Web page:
Jewels, of Just Tickety-Boo, who first shared the video with me, initiated a mail art swap using the results of our dendritic painting experiments.

From the beginning, I imagined the shape of a person's head made out of the dendritic papers, since they look like neurons or nerve endings.  Then, I wanted to use inspiration from the wonderful collage and mail artist, Lenore Tawney, so I flipped through the book Signs on the Wind, and came away with this postcard to send to Jewels:
In return, Jewels sent me this postcard (tucked inside a fireworks-emblazoned envelope!):
Her use of the dendritic painting is much more subtle than mine, and you can definitely see how it adds to the layers of her background:
I love the vintage woman image--I have been scouring books and magazines for these kinds of vintage images, as I'm finding images of women and their roles from the 1930s to the 1950s very inspiring right now.

As an added compliment, Jewels told me that she chose the dictionary definition of the word "cheery" because she imagines it to be a word that describes me.  I certainly try to hang on to my cheeriness, so this is much appreciated!

I definitely feel some pressure when it comes to doing a mail art exchange, especially when there is an "assignment," such as using the dendritic papers.  But it is so very satisfying once the project is completed, and I have another piece of mail art from an online friend to add to my collection!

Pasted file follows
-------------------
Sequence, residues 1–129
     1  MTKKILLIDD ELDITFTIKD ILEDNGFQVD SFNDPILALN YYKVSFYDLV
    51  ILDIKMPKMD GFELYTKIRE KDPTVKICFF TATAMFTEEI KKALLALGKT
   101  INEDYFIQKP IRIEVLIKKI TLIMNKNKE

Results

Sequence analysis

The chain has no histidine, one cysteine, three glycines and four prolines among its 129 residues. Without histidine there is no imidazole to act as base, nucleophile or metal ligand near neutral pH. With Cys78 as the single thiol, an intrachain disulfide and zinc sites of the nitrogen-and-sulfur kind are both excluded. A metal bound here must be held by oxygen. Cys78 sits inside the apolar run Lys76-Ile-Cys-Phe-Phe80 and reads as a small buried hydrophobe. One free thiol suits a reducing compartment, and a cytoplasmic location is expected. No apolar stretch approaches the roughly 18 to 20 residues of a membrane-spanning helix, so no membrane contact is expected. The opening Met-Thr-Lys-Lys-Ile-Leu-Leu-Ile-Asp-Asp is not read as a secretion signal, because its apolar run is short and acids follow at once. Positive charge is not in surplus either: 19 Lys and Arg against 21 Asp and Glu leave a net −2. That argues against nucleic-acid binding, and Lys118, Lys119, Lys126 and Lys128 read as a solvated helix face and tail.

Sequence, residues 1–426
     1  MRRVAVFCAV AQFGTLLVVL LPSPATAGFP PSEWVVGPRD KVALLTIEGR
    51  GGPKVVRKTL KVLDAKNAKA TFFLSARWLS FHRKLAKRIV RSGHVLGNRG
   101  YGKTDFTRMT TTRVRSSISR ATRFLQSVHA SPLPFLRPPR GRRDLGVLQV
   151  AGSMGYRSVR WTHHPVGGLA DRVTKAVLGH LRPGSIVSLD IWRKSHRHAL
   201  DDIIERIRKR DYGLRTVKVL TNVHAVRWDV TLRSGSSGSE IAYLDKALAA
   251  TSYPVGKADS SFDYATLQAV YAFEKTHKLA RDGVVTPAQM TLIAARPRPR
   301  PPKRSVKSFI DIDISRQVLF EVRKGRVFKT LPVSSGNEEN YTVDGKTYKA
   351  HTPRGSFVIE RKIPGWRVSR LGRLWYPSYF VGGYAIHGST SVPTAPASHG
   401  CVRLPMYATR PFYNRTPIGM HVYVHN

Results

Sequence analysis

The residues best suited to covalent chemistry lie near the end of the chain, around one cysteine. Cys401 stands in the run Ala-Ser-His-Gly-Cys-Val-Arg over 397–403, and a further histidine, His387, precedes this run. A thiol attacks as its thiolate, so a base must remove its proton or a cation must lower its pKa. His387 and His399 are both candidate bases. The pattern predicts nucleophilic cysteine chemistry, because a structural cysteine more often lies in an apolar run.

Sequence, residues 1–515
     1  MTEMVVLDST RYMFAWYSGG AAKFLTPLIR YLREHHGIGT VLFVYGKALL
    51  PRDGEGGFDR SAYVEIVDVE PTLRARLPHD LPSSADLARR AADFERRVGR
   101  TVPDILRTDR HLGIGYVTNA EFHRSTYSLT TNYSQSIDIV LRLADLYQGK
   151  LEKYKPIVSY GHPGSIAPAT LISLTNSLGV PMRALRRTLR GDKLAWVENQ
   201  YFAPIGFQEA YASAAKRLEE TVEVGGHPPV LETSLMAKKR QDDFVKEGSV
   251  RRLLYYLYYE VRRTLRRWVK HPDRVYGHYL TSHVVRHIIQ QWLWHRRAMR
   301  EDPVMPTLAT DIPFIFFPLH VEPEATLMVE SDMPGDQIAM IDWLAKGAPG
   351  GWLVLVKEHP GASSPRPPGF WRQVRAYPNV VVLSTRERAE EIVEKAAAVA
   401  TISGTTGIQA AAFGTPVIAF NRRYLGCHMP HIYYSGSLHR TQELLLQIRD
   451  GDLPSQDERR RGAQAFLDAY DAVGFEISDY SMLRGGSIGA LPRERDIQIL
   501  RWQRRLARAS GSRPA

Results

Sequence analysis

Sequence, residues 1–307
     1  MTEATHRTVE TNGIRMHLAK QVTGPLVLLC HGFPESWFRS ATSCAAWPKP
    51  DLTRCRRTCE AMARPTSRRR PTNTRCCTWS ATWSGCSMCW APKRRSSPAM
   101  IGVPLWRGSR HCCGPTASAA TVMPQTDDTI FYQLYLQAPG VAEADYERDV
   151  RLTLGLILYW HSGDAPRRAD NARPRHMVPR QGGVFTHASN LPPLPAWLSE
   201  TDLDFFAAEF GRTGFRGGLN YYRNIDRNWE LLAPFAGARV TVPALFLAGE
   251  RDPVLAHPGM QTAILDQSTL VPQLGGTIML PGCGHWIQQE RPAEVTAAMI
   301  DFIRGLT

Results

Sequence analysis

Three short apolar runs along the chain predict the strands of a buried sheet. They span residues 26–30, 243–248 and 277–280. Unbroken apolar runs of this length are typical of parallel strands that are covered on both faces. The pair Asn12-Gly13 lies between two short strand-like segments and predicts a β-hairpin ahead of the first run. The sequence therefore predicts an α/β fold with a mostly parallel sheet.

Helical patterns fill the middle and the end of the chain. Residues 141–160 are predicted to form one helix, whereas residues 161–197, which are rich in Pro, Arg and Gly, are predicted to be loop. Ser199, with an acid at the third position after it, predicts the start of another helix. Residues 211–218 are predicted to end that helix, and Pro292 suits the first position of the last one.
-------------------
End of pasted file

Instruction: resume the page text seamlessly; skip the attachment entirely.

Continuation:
Wednesday, July 6, 2016

Attack of the Scrap Monsters!

Scrap monsters have taken over our home!

When I saw Courtney's video for scrap monsters, I had every intention of creating them on my own, and once my kids got a look at them, there was no stopping them from trying their hand at them, too.
First, I created body shapes and face features following Courtney's lead in her YouTube video.
In this totally un-staged photo, you can see the impromptu mess created by the whole process:
My daughters and I chose our favorite body shapes and covered them in decorative tapes, cutting around the edges when we were finished to get a clean edge:
I then followed Courtney's lead and outlined my monster with thick black Sharpie, though my girls declined this step (which was probably for the best, since we're talking about permanent ink here!).
The final step involves finding the face we want to match with our monster's body, and using pencils to add a little color:
Last night, we each created two monsters, for a total of six.  This morning, my girls took over, creating their own body shapes and face features, and creating even more.
They've named each monster, and created a kind of "profile" of their special talents and back stories.  They are most interested in laminating them to create "backpack buddies" (little toys and such that connect to the zippers of their backpacks), but I'm thinking they have a real future in Scrap Monster Trading Cards!  Don't you think?
I think they will make absolutely adorable stickers and journal embellishments.
The Scrap Monsters have taken over, 
and just might need their own room soon!

For more paper projects, check out my Collage and Assemblage and Paper Crafting boards on Pinterest!